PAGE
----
I've been watching old episodes of Ghost in the Shell: Stand Alone Complex, the TV series based on the movies. I'm enjoying the hell out of it. I don't know how popular it is in Japan or in the States, but I think it's amazing. The illustration, the detailed animation, and the little things they think of to add. One person was leaving a building and glanced at a wall clock. It would've been simple to just have it look like a retro analog clock, despite this show taking place in the future, for irony's sake. Nostalgia is big in a show about cybernetics and humanity. It could have been minor enough of a prop that they simply use an LED digital clock, you know, no big deal.
But no. Someone wanted that clock to look nice. It only shows up in the 15th episode and doesn't play a key part in anything (except to let the audience know when the action's happening), but someone went out of their way to design a unique clock for the office. It has a rectangular liquid crystal face, running horizontally. Arabic numbers at the top and center tell the time, and then here's what kills me: the LED clock pendulum. Again, they could've taken the easy way out and simply animated an analog-looking pendulum, leaving the viewer to assume that the technology is so advanced that of course it would look real. But no. Someone designing this clock decided that the pendulum should be represented by angled ovals in only seven positions! This black dot blips across the clock face in seven spots. Someone decided that the LED clock should not hearken as far back as a retro analog clock but should go as far back as the murky, experimental dawn of exploring LED technology! That just kills me.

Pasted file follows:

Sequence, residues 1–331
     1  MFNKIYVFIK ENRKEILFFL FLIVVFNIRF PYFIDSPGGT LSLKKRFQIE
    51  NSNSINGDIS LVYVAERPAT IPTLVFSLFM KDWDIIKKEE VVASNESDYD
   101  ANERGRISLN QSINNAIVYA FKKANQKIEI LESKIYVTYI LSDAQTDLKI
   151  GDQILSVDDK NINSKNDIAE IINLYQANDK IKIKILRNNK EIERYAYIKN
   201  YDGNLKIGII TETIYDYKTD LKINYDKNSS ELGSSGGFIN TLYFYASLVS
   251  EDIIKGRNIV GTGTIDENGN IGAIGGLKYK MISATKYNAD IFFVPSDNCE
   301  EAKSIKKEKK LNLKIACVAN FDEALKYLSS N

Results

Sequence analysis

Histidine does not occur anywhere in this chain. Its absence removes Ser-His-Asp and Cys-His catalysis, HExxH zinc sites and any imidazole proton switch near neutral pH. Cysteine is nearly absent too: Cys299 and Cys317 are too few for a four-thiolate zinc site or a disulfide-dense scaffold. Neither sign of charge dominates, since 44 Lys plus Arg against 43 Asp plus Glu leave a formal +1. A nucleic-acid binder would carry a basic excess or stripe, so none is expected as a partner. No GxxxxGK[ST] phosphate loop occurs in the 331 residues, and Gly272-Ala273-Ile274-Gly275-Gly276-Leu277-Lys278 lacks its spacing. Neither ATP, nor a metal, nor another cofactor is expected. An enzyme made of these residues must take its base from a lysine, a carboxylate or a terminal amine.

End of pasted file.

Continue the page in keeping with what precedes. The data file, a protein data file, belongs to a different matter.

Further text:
That, and one of the extras for this episode's plot has requested a booth in a bar for himself and one of the main characters, because he's forming a friendship with him. The waiter comments favorably upon this and brings him a bottle of alcohol. But not just any bottle: the beveled, spherical bottle distinctive of Blanton's, my favorite Kentucky bourbon. It even had the little brass horse-and-rider on the cork. It was at that point I had to put it on Pause and come here to my laptop and hack out my praises.
The first anime I remember loving was Bubblegum Crisis: 2040. This is funny because not only was there at least two generations of anime prior to this series, but the 2040 series is the sequel series to the original Bubblegum Crisis, with which it only shares a few characters. I suppose it's not terribly different from someone enjoying Laverne & Shirley but never having heard of Happy Days. Something like that. Bubblegum Crisis: 2040 was the catalyst that got me passionate about anime and prompted me to seek it out at all costs. Those costs turned out to be "free" as the grey market of BitTorrented and fansubbed anime fresh from the Japanese airwaves was easily indulged. Then again, it wasn't quite "free" as I rapidly filled up a 200GB hard drive with all the shows I fully intended to see when I had the time.
Of course, you can't mention that without someone chiming in that he's got 1.5 terabytes of anime on his computer, and someone else adds that she just crested four petabytes, as a matter of fact. Yeah, well, when I was collecting anime memory was considerably more expensive than it is now (without such luxuries as 7200rpm hard drives, even) and I've never earned more than $32k/year, so, it was an accomplishment for me...